Every successful entrepreneur I have ever counseled has been goal driven. They set realistic goals. These goals may require climbing seemingly difficult hurdles but successful small business start-ups possess the ability to meet and overcome every market challenge. And the challenges are many.

If it were easy to commercialize an invention or launch a small business there would be exponentially more successful, rich entrepreneurs. The fact that it is difficult to convert an idea into a profitable venture is a natural culling device employed by markets to stop those not possessing the necessary makeup from taking the difficult plunge into entrepreneurship. It is hard to start a business from scratch and compete in a cluttered marketplace and it should be.

For every successful entrepreneur that we work with there are at least a hundred that approach, discuss, attempt to sell their concept and are turned away. Virtually all we decline to work with have one thing in common: they are dreamers. It only takes a few e-mail questions or a minute on a phone call to discover if we are talking to the 1% (goal driven) or the 99% (dreamers).

The goal driven inventor, entrepreneur or small business candidate might not possess the knowledge or necessary skill sets necessary to immediately commercialize their plans.  But they recognize their shortcomings and are fully committed to working, studying and researching their way toward gaining that knowledge. Whether they are
self-taught, or contract for professional consulting talent successful entrepreneurs innately understand the importance of proper due diligence and having a well vetted plan.

The term “American Dream” is as old as the republic. Whenever we hear the term used colloquially we immediately recognize the speaker as referring to the successes deemed so important in our culture: owning a home or business, education, career choice, etc. These goals are invariably gained through hard work, not dreaming. Success at almost all of life’s enterprises is attained by setting solid goals and having a plan. That the American Dream is achieved by doing, not dreaming, is ironic.

Duquesa Marketing Appoints Dennis Nemcek & Associates to Act as Sales Agents for Fashion Accessory Client

Friday, September 14th, 2012

Duquesa Marketing

www.duquesamarketing.com

Press Release

For Immediate Release

Contact: Geoff Ficke

859-567-1609

gficke@msn.com

Duquesa Marketing Appoints Dennis Nemcek & Associates to Act as Sales Agents for Fashion Accessory Client

Premiere Agency Based in Livonia, MI to Represent Lori Leigh Designs™ Earring Chalets™ in MI, IN, IL, MN, WI, SD and ND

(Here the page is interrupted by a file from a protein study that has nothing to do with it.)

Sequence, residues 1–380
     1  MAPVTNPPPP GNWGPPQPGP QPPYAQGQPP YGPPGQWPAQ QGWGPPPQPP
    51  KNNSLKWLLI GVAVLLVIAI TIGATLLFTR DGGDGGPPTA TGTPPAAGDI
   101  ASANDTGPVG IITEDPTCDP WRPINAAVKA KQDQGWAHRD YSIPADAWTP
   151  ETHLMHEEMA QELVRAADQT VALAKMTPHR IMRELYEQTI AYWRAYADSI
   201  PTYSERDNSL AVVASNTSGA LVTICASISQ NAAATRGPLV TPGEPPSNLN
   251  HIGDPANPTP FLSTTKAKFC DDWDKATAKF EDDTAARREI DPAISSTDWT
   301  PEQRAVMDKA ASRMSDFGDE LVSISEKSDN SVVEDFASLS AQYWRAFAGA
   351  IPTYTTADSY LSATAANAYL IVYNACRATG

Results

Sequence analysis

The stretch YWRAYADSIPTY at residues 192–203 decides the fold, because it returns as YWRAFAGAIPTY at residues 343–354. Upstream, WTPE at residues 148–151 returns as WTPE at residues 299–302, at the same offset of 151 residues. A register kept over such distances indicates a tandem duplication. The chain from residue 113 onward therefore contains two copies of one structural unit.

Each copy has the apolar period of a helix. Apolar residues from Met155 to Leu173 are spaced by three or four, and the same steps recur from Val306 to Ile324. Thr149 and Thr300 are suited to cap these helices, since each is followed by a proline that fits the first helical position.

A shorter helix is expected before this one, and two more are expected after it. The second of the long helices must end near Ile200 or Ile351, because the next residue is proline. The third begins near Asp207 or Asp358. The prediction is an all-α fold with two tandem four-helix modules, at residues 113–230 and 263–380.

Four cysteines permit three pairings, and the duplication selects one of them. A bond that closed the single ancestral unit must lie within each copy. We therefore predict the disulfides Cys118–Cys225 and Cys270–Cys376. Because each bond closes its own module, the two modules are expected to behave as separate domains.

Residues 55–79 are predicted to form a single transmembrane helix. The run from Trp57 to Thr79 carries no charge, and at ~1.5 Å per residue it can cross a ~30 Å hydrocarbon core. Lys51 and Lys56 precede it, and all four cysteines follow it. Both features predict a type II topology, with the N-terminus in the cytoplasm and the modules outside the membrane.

Florence, KY  Geoff Ficke, President of international Consumer Product Development and Branding Consulting firm Duquesa Marketing announced today that his group has
appointed Dennis Nemcek & Associates to handle sales of Lori Leigh Designs™ Earring Chalets™ in the states of Michigan, Indiana, Illinois, Minnesota, Wisconsin, South Dakota and North Dakota.

“Dennis Nemcek & Associates has a strong history of success with luxury fashion accessory and jewelry lines”, noted Mr. Ficke. “Their Chicago and Minneapolis showrooms are stunning and their strong retail relationships were crucial to our decision to roll out this stunning line with Dennis Nemcek’s team”.

“We love lines like Lori Leigh Designs Earring Chalets”, said Dennis Nemcek, President of Dennis Nemcek & Associates. “Products that offer unique consumer features and benefits and include color, style and value are exciting for our agents to represent. These vibrant Earring Chalets are perfect for any lady with an extensive jewelry  collection”.

“We are overwhelmed at the strong market response the Earring Chalets have received”, said Nancy Ficke, General Manager of Duquesa Marketing. “We will be announcing a number of agency appointments and retail launches in the coming weeks. International distributors and trade shows are also being organized.

Duquesa Marketing Appoints Next Step Reps to Act as Sales Agents for Fashion Accessory Client

Friday, September 14th, 2012

Duquesa Marketing

www.duquesamarketing.com

Press Release

For Immediate Release

Contact: Geoff Ficke

859-567-1609

gficke@msn.com

Duquesa Marketing Appoints Next Step Reps to Act as Sales Agents for Fashion Accessory Client

Premiere Las Vegas Showroom to Represent Lori Leigh Designs Earring Chalets in Southwest USA and Hawaii

Florence, KY  Geoff Ficke, President of international Consumer Product Development and Branding Consulting firm Duquesa Marketing announced today that his group has